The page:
What confuses me even more, is the large amount of Islamic support for multiculturalism. They must have a completely different idea of a multicultural society.
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Re: What is multiculturalism?

#10  Postby Saim » Jul 03, 2011 6:49 am

Ihavenofingerprints wrote:What confuses me even more, is the large amount of Islamic support for multiculturalism. They must have a completely different idea of a multicultural society.

What Islamic support for multiculturalism? Islamic states have always discriminated against minorities. I'm not talking about pluralistic Muslim-majority states (Malaysia is a decent example, even with all its problems and discrimination in favour of Malay-speaking Muslims) in which support for multiculturalism comes from the same reasoning as anywhere else, I mean actualy Islamic states which are by definition discriminatory.

If you mean Muslim minorities in Western countries, that's because none of them want to be discriminated against as a minority.
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Re: What is multiculturalism?

#11  Postby epepke » Jul 03, 2011 2:19 pm

Saim wrote:
Ihavenofingerprints wrote:What confuses me even more, is the large amount of Islamic support for multiculturalism. They must have a completely different idea of a multicultural society.

What Islamic support for multiculturalism? Islamic states have always discriminated against minorities. I'm not talking about pluralistic Muslim-majority states (Malaysia is a decent example, even with all its problems and discrimination in favour of Malay-speaking Muslims) in which support for multiculturalism comes from the same reasoning as anywhere else, I mean actualy Islamic states which are by definition discriminatory.


Even if you ignore Islamic states, there's a naivete in multiculturalism in the expectation that there will be no serious issues about cultural differences, inequality, and lack of respect between cultures. It's not even possible to make Belgium a multicultural state only considering the people whose families have lived there for centuries.
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Re: What is multiculturalism?

#12  Postby maik » Jul 03, 2011 4:32 pm

There is no such thing as multiculturalism nowadays. This is my opinion, based on what defines multiculturalism and state- nations.
I mean.. Multiculturalism is the right for a group of people to maintain their cultural characteristics (language, religion etc.), while sharing the same basic administrative typical institutions (membership of state, bureaucracy etc) with other groups.

In the meantime, nowadays' states favor the existence of a single and common culture within them (for many reasons). What is going on in many phenomenically "multicultural" countries (USA, Australia) is nothing but the main (and probably more licit) policy against multiculturalism: Encorporation. Which leaves the right to a group of people to maintain their cultural identity, as long as they participate to the common social institutions (schools, for example).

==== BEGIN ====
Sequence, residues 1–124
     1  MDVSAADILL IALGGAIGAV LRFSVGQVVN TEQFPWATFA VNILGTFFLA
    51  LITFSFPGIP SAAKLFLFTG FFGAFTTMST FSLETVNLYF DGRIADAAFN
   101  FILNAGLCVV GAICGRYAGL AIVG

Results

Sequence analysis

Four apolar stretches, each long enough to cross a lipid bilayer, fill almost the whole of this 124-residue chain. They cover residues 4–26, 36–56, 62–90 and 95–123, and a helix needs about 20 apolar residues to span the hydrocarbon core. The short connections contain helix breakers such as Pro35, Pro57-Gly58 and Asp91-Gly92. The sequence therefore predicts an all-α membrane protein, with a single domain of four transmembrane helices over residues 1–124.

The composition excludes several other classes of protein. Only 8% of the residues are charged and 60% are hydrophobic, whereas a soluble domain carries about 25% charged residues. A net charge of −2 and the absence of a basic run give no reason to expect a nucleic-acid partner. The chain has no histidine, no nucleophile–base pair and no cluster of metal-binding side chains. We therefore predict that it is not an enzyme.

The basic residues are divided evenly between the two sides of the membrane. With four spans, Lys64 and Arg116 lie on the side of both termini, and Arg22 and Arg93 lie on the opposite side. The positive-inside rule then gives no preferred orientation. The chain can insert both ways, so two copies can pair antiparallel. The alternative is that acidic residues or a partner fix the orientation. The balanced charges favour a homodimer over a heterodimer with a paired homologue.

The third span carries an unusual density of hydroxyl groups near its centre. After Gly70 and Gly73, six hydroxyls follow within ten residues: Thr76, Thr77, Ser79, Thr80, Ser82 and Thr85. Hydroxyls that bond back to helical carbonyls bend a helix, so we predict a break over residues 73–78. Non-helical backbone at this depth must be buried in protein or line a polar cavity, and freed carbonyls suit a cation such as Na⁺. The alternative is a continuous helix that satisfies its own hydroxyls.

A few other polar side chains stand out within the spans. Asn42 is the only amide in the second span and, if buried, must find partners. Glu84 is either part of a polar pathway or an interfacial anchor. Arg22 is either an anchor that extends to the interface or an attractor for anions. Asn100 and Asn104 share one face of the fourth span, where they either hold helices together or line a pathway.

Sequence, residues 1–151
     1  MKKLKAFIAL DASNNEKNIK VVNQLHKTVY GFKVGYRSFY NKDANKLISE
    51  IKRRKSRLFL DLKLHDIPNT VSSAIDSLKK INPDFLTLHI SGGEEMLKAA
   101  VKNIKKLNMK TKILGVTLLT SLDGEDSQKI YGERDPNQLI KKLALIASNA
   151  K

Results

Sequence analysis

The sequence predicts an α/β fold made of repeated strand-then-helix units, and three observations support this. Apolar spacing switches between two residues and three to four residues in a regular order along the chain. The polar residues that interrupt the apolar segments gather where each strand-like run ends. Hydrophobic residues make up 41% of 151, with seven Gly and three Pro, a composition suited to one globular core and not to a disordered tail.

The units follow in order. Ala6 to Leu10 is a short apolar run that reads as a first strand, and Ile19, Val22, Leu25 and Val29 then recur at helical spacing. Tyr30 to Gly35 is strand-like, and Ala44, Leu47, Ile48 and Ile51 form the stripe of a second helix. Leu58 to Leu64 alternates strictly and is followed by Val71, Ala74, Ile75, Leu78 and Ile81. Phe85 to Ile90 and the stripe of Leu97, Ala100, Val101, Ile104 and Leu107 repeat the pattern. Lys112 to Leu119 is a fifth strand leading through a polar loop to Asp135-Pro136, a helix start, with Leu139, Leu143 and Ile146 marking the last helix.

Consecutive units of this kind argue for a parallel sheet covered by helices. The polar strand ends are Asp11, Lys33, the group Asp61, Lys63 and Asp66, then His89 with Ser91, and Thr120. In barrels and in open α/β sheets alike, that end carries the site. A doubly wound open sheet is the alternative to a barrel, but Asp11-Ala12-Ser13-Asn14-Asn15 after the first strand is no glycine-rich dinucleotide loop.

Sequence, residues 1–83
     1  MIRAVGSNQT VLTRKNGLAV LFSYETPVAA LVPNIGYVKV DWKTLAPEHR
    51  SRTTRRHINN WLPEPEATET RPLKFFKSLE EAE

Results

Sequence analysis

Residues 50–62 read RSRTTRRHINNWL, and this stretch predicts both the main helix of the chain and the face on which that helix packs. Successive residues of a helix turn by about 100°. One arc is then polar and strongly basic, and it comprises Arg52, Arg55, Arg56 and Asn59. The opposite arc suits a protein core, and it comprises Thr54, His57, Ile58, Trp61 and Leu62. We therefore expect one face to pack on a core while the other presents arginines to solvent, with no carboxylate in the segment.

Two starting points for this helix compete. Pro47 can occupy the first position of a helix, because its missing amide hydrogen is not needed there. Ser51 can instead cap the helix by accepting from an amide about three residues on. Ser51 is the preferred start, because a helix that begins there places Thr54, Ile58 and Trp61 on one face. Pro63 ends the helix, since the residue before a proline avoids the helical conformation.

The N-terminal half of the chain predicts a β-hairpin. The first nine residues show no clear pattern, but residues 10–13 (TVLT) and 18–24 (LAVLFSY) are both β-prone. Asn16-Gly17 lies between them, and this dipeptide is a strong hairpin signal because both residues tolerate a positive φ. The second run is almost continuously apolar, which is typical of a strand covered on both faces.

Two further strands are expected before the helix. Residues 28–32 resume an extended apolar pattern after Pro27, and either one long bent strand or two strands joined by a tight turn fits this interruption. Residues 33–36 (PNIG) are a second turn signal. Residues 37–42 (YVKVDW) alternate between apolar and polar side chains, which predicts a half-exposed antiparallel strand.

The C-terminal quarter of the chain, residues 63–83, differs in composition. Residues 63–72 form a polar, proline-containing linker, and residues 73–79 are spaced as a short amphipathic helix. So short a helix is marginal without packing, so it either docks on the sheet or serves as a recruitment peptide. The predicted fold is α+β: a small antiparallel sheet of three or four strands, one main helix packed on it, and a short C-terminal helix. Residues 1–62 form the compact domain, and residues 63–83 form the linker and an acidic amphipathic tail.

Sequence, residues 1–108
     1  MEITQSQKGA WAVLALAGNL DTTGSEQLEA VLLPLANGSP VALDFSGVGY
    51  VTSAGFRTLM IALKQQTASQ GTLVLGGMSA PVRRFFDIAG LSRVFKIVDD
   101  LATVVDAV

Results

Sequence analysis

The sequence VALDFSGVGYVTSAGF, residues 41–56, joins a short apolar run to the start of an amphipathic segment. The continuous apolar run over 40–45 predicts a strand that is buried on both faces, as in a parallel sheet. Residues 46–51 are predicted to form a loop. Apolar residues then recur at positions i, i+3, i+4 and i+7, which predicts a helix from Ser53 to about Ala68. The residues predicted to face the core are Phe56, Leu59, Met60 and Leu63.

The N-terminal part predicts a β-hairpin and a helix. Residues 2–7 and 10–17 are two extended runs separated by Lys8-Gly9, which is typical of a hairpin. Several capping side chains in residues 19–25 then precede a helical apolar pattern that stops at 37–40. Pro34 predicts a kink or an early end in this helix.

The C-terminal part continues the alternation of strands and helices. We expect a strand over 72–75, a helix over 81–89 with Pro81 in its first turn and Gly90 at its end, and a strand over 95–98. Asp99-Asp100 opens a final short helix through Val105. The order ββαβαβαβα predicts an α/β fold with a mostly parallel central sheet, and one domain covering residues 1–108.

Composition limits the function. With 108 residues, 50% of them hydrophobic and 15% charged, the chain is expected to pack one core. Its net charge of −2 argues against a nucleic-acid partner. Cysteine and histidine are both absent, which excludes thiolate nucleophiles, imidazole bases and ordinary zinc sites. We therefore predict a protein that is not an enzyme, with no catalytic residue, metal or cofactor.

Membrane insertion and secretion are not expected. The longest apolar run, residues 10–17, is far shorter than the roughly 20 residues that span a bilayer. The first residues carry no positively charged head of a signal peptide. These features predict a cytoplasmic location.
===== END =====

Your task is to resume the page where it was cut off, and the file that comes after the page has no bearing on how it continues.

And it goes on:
So there is a contradiction here. For example, in this case, people are allowed to speak their mother language at home, but there is only one (or two at most) official language, so their kids must be taught the official language at school; and themselves are obliged to use this language, say, at a law- court.
Encorporation seems more "multiculturalistic" than separation (see South Africa in the past), but it's still not multiculturalism. Real multiculturalism ended along with the last great multiethnic empires, Ottoman and Austrohungarian, in the 19th century.
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Re: What is multiculturalism?

#13  Postby Sankari » Jul 04, 2011 8:57 am

maik wrote:For example, in this case, people are allowed to speak their mother language at home, but there is only one (or two at most) official language, so their kids must be taught the official language at school; and themselves are obliged to use this language, say, at a law- court.


FWIW, Australia has no official language.
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Re: What is multiculturalism?

#14  Postby HomerJay » Jul 04, 2011 1:06 pm

Ihavenofingerprints wrote:
Sankari wrote:A pluralistic society in which the national culture consists of different races, ethnicities and cultures, mutually integrated into a greater whole, harmoniously co-existing in a state of equality, enabled, promoted and endorsed by government policy.


This is the most accurate definition i've seen. If most people agree the definition is something along the lines of a state that promotes equality and enforces anti-discrimination laws,